Yes, the Twitter Blue approach to making people pay for verification, which hasn’t proven overly popular on Twitter itself, is now also seemingly in consideration at Meta as well.

According to a new finding by reverse engineering pro Alessandro Paluzzi, there’s a new mention in the codebase of both Facebook and Instagram of a ‘paid blue badge’.

Paluzzi also shared a screenshot of the code with TechCrunch:

That does appear to refer to a subscription service for both apps, which could well give you a blue verification badge as a result.

Mets has neither confirmed nor denied the project, but it does seem, at least on the surface, that it’s considering offering checkmarks as another paid option – which still seems strange, considering the original purpose of verification, which is to signify noteworthy people or profiles in the app.

If people can just buy that, then it’s no longer of any value, right?

Evidently, that’s not the case, and with Twitter already bringing in around $7 million per quarter from Twitter Blue subscriptions, maybe Meta’s looking for a means to supplement its own intake, and make up for lost ad dollars and/or rising costs of its metaverse development.

It seems counter-intuitive, but I guess, if people will pay, and the platforms aren’t concerned about there being confusion as to what the blue ticks actually mean.

I guess, more money is good?

Meta has, in the past, said that it won’t charge a subscription fee to access its apps. But this, of course, would be supplemental – users wouldn’t have to pay, but they could buy a blue checkmark if they wanted, and use the implied value of recognition for their own purposes.

Which seems wrong, but tough times, higher costs – maybe every app needs to start digging deeper.

Meta hasn’t provided any info or confirmation at this stage, but we’ll keep you updated on any progress.



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YouTube Shorts Exceed 50B Daily Views, Meta’s Reels Doubles Plays 02/03/2023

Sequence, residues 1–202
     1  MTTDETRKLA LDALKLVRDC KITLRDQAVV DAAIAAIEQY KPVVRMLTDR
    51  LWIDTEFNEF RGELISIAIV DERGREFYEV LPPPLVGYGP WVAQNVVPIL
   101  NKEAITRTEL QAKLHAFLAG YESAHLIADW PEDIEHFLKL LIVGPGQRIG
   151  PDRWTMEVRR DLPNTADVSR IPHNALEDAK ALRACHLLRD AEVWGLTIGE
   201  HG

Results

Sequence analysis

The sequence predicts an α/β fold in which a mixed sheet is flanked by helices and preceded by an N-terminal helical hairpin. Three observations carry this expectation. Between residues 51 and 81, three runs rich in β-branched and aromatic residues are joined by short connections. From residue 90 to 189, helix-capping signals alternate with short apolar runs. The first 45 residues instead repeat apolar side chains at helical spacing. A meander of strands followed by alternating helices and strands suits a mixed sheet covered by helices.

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YouTube Shorts Exceed 50B Daily Views, Meta's Reels Doubles Plays 02/03/2023

YouTube Shorts and Meta’s Reels are both making
headway in the intensely competitive video shorts sector.  

During Alphabet’s Q4 earnings call on Thursday, CEO Sundar Pichai reported that YouTube Shorts has surpassed 50 billion
daily views. That’s up from the 30 billion reported in Q1 2022.

However, it still …



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Podcast Marketing Statistics for Businesses [Infographic]

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Podcast Marketing Statistics for Businesses [Infographic]

Podcasts have become an increasingly popular content format, providing on-demand, topical material covering virtually any subject that you can think of.

Indeed, according to estimates, over 130 million people will listen to podcasts monthly in the US this year, which could also provide significant opportunities for marketers to tap into this captive audience, and reach them with relevant ads and offers.

If you’re considering getting into podcasting or podcast advertising, this will help. The team from Spiralytics have put together a collection of podcast consumption stats and notes, which could help guide your thinking around the format.

Check out the full infographic below.